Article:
"There, that's enough," said Lestrade. "I am a practical man, Mr. Holmes, and when I have got my evidence I come to my conclusions. If you have anything to say you will find me writing my report in the sitting-room."
Holmes had recovered his equanimity, though I still seemed to detect gleams of amusement in his expression.
"Dear me, this is a very sad development, Watson, is it not?" said he. "And yet there are singular points about it which hold out some hopes for our client."
"I am delighted to hear it," said I, heartily. "I was afraid it was all up with him."
"I would hardly go so far as to say that, my dear Watson. The fact is that there is one really serious flaw in this evidence to which our friend attaches so much importance."
"Indeed, Holmes! What is it?"
"Only this: that I KNOW that that mark was not there when I examined the hall yesterday. And now, Watson, let us have a little stroll round in the sunshine."
With a confused brain, but with a heart into which some warmth of hope was returning, I accompanied my friend in a walk round the garden. Holmes took each face of the house in turn and examined it with great interest. He then led the way inside and went over the whole building from basement to attics. Most of the rooms were unfurnished, but none the less Holmes inspected them all minutely. Finally, on the top corridor, which ran outside three untenanted bedrooms, he again was seized with a spasm of merriment.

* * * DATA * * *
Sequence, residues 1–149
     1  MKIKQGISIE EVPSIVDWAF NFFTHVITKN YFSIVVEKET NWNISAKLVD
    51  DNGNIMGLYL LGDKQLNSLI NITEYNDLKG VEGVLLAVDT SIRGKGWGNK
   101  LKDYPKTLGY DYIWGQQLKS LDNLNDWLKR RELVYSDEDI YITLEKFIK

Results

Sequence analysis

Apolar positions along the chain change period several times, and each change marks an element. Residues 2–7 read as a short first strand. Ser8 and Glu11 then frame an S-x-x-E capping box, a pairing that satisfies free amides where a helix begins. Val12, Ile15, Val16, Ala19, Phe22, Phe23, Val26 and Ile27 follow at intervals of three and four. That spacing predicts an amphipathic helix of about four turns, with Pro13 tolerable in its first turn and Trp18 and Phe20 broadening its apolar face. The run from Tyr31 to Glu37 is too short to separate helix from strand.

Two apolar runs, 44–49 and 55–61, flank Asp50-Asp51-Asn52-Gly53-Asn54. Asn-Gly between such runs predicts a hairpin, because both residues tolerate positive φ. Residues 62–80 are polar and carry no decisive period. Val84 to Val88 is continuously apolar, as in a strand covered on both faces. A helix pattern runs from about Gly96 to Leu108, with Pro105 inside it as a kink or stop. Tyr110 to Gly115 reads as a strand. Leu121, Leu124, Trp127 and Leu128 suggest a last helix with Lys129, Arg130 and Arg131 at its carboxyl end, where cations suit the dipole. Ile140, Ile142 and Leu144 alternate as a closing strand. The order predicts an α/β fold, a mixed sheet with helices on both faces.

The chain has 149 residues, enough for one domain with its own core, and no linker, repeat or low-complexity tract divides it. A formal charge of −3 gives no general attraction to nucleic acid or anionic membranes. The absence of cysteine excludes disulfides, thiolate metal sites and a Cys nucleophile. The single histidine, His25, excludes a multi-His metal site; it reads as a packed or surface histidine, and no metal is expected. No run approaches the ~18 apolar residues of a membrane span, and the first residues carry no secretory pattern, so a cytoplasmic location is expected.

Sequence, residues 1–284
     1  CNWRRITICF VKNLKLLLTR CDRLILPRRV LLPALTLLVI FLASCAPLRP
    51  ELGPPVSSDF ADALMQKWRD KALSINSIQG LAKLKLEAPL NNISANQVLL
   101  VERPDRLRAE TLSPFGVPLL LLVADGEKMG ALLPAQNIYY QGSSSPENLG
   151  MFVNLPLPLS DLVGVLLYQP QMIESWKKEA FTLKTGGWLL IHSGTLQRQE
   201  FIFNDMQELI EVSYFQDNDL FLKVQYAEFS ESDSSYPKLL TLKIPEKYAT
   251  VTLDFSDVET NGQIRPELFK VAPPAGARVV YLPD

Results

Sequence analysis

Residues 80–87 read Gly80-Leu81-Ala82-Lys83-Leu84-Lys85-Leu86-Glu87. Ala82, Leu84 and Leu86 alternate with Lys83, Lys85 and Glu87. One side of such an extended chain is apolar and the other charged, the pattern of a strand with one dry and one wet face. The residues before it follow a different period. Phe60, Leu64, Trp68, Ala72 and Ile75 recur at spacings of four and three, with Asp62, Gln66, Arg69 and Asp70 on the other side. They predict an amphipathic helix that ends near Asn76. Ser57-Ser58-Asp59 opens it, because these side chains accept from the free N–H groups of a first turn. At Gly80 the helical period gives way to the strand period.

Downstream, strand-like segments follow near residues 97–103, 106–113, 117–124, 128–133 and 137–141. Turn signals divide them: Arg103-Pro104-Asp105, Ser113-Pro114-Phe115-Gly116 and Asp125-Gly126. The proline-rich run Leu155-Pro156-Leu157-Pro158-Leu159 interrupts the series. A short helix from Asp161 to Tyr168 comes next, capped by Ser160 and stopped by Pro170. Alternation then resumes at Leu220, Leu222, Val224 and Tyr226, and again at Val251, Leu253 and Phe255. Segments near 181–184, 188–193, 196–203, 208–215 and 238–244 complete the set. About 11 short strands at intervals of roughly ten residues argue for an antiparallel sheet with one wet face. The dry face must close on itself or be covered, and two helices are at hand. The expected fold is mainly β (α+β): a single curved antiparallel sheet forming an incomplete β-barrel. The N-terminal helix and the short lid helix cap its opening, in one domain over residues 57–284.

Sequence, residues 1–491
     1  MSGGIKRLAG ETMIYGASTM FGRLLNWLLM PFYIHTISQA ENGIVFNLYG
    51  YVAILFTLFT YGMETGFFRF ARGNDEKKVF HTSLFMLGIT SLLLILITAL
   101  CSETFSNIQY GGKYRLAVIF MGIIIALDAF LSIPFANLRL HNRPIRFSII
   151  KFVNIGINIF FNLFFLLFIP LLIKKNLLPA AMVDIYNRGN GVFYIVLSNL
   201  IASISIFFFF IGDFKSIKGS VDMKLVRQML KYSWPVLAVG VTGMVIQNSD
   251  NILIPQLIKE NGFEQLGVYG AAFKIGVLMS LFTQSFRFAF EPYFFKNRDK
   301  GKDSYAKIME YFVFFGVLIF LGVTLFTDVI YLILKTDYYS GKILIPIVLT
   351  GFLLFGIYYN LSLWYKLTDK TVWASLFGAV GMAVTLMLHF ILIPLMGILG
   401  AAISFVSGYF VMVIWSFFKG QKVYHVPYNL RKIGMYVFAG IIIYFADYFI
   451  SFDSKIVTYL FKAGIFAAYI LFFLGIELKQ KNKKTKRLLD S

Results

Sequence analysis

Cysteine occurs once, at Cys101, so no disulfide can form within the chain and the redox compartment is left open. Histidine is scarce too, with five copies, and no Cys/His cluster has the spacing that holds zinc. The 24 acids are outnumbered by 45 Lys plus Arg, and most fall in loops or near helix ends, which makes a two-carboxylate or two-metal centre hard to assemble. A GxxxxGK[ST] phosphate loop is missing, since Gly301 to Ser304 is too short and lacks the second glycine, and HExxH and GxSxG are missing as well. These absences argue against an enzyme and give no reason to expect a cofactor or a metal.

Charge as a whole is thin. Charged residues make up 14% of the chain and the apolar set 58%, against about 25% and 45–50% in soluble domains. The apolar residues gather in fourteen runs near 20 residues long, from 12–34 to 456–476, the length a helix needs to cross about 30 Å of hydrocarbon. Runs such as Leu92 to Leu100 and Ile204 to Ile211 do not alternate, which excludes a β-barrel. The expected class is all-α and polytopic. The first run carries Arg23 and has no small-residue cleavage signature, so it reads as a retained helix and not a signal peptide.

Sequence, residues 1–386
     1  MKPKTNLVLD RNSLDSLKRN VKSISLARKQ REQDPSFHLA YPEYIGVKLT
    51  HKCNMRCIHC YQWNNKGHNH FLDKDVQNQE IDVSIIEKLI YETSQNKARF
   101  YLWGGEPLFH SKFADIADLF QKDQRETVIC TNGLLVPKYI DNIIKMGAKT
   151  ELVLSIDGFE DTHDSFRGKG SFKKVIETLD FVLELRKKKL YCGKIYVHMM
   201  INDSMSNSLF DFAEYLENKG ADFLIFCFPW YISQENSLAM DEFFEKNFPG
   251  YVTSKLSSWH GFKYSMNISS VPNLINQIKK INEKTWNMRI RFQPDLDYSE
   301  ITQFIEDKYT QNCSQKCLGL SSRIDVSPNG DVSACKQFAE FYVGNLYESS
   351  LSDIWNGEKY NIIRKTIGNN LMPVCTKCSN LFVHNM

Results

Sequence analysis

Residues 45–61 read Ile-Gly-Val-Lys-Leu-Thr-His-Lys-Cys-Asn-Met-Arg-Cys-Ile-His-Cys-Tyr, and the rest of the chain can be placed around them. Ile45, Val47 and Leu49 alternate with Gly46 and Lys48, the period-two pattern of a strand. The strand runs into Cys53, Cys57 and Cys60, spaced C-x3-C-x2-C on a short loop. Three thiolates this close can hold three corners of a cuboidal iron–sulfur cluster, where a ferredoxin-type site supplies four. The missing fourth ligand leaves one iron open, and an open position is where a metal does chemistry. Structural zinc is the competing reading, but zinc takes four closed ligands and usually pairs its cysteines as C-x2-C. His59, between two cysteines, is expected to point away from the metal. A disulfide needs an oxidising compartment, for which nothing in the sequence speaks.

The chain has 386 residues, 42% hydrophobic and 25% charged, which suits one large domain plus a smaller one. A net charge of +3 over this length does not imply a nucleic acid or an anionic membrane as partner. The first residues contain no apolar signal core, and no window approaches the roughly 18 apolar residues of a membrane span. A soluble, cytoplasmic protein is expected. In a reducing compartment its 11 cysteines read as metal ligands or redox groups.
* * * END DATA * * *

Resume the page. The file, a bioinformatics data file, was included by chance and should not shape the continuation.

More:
"There are really some very unique features about this case, Watson," said he. "I think it is time now that we took our friend Lestrade into our confidence. He has had his little smile at our expense, and perhaps we may do as much by him if my reading of this problem proves to be correct. Yes, yes; I think I see how we should approach it."
The Scotland Yard inspector was still writing in the parlour when Holmes interrupted him.
"I understood that you were writing a report of this case," said he.
"So I am."
"Don't you think it may be a little premature? I can't help thinking that your evidence is not complete."
Lestrade knew my friend too well to disregard his words. He laid down his pen and looked curiously at him.
"What do you mean, Mr. Holmes?"
"Only that there is an important witness whom you have not seen."
"Can you produce him?"
"I think I can."
"Then do so."
"I will do my best. How many constables have you?"
"There are three within call."
"Excellent!" said Holmes. "May I ask if they are all large, able-bodied men with powerful voices?"
"I have no doubt they are, though I fail to see what their voices have to do with it."
"Perhaps I can help you to see that and one or two other things as well," said Holmes. "Kindly summon your men, and I will try."
Five minutes later three policemen had assembled in the hall.
"In the outhouse you will find a considerable quantity of straw," said Holmes. "I will ask you to carry in two bundles of it. I think it will be of the greatest assistance in producing the witness whom I require. Thank you very much. I believe you have some matches in your pocket, Watson. Now, Mr. Lestrade, I will ask you all to accompany me to the top landing."